Book Review: Ballenesque, Roger Ballen: A Retrospective
By Ilana Jael
Recent retrospective photobook Ballenesque is the first to be released that examines the titular artist Roger Ballen’s acclaimed 50-year career in its entirety. As well as including a generous sampling of his famous photographs, the book features extensive textual content that makes it a feast for the intellect as well as a pleasure for the eyes, beginning with a lengthy written introduction by NYU professor Robert JC Young. Therein, Young first tries to define the “Ballenesque”, which he eventually ends up localizing to four elements that combine to create the surreal and intimate images showcased, interspersed with sprawling paragraphs of biography and reflection by Ballen himself.
Ballen’s lifelong obsession with photography began at 13 with his first camera and was in full bloom by the time he received a Nikon FTn as a high school graduation present, a present he immediately put to work first at New York City’s Sing Sing Prison and soon after in the St Louis streets. The artist is a deep thinker and profoundly affected by the world around him is evident in his prose as well as his photographic work, which he describes as largely motivated by his “existential yearning”. He traces the development of his signature style in enthralling detail that often shimmers with a poet’s lyricism and profundity, though the most powerful things that his book has to say are the things that language could fail to encompass.
While an early project Boyhood movingly explores the “unique period in life” in which “boys experience the world outside the boundaries of home for the first time”, Ballen’s signature aesthetic does not fully emerge until he becomes fascinated with South African “dorps”, or small towns, a subject matter that would provide the physical landscape for the rest of his career and mark the beginning of his journey into the recesses of the unconscious itself. The “underprivileged” South Africans he chooses to focus his lens on are seldom visually pleasing ones, often elderly, obese, poor, or even deformed as in a Teenager With a Glass Eye or a Half-Blinded toddler. To Ballen’s American audiences, these are strange figures from a land far away, but what we find shocking about them is not their alien-ness but their familiarity. The vulnerable and unguarded expressions we find on their faces humanizes them, clearly expressions of a primal pain and breathing soul that is common to us all.
However, feeling that they distract from the more meaningful aspects of his images, Ballen eventually decides to excise faces from his work entirely. This is a key feature emphasized in shots like Head Inside Shirt and Headless and a decision that allows Ballen to further utilize the cartoonish chalk drawings that permeate his work[LB1] . The tension between these childish representations and what they stand for in Man Drawing Chalk Faces is truly chilling, as are shots like Broken Bag and School Room which respectively feature both a real goat and rooster and their likenesses, making our reality seem just as insubstantial and impermanent as a sketch on a paper bag.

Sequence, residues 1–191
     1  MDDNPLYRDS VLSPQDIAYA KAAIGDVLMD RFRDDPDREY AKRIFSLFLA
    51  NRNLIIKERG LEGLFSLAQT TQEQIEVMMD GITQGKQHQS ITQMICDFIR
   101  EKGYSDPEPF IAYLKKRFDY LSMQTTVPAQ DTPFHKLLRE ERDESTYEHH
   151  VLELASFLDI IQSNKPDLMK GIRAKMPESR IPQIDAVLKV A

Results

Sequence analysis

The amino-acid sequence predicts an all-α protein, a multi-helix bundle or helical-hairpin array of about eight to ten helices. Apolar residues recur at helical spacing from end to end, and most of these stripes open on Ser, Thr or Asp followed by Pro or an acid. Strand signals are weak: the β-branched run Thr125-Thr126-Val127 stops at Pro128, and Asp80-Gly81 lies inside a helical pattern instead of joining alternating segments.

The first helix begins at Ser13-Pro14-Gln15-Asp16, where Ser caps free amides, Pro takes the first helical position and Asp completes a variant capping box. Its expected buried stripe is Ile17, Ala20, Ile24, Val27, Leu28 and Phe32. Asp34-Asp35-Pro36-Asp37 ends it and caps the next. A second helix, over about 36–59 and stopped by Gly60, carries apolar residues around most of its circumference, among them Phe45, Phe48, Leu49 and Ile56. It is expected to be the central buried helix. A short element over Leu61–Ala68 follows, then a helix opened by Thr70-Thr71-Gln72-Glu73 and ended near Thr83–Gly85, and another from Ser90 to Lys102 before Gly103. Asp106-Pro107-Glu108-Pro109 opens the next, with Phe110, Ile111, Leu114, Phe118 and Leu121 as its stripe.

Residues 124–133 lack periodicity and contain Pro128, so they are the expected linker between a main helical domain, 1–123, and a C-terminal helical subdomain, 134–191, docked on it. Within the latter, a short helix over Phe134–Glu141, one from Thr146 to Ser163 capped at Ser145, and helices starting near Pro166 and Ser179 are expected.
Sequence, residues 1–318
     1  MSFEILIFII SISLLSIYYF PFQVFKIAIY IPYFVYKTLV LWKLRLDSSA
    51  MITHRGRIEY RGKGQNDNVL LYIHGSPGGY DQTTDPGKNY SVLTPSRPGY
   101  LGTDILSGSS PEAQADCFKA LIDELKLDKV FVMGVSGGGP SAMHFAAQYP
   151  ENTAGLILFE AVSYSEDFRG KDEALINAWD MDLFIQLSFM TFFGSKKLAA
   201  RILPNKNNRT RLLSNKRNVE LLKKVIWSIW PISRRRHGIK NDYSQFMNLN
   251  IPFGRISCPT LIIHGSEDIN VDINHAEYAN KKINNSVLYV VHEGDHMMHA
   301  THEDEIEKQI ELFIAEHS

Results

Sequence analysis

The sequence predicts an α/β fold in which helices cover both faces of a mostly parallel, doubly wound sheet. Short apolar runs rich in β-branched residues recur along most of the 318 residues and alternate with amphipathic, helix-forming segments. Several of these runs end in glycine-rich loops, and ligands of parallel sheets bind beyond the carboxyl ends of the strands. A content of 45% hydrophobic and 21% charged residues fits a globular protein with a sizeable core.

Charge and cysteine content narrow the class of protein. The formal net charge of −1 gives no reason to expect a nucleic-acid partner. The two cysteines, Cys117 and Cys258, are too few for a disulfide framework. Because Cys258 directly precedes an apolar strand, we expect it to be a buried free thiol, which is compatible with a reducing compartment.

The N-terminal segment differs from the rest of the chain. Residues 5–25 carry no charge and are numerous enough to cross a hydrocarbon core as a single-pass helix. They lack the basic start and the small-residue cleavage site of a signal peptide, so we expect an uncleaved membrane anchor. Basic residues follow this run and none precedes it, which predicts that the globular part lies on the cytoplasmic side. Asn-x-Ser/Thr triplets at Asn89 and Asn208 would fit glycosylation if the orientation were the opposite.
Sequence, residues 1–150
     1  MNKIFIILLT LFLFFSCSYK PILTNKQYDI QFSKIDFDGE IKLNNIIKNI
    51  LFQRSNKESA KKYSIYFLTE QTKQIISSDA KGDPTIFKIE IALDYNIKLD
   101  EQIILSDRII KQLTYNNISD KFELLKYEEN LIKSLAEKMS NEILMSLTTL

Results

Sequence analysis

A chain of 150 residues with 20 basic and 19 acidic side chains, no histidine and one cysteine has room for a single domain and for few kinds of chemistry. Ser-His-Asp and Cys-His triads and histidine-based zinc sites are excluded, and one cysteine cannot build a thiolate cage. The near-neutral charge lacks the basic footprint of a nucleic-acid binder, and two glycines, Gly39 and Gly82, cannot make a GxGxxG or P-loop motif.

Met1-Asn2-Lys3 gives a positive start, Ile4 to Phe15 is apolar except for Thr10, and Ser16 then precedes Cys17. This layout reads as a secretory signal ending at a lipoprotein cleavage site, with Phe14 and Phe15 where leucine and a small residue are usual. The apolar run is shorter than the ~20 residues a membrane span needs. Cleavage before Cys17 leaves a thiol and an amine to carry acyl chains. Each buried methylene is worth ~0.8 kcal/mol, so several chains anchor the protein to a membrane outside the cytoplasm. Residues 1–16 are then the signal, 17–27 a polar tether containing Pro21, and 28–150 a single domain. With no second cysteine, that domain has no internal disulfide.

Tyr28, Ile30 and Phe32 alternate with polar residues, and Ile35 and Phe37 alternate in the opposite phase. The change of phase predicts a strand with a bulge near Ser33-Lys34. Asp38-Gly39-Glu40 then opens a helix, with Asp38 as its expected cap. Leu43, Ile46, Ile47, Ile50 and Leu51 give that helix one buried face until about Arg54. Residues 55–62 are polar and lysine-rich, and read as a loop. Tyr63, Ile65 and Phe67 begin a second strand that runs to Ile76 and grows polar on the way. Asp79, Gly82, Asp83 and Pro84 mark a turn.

The use of animals as described above are another frequent feature of Ballen’s photography as he strives to search for the “animal in the human being and the human being in the animal”. Rabbits, snakes, spiders, and rodents of all types take a central role and are made to reflect our own terrifyingly hollow natures. This is occasionally amusing, as when an obese man cradles a hog he clearly resembles in Brian with Pet Pig, but becomes unsettling when a distressed Cat in Fish Tank seems to radiate human anguish or when a boy Cat Catcher appears with a wire cage over his own head while holding another cat captive by its scruff, the two wearing almost identical expressions. When we see, later, the decaying skeleton of a bird, we cannot help but think of the bones we ourselves will become.
Constantly plagued by questions of chaos versus order in the universe, Ballen eventually came to the conclusion that the only order to be found was the one that he imposed himself, giving him license to imbue ordinary objects with a frightening symbolic resonance. A hanger becomes sinister when it frames a man’s head in Hoodwinked and an emaciated man appears Dejected as he stares listlessly at a meaningfully unlit light bulb, a windowless wall behind him. Even simple spirals of wire can become haunting externalizations of sadness in shots like Courtyard View and Farmworker. Though the abundance and depth of this visual “feast” also makes it hard to swallow, Ballenesque is an essential addition to the bookshelf of anyone passionate about the photographic arts or the human condition. Flipping through its 365 unforgettable, eerie, and harrowing pages, many of which take us head to head with mortality and despair, one feels as if they are drifting through a very strange dream; or perhaps a nightmare.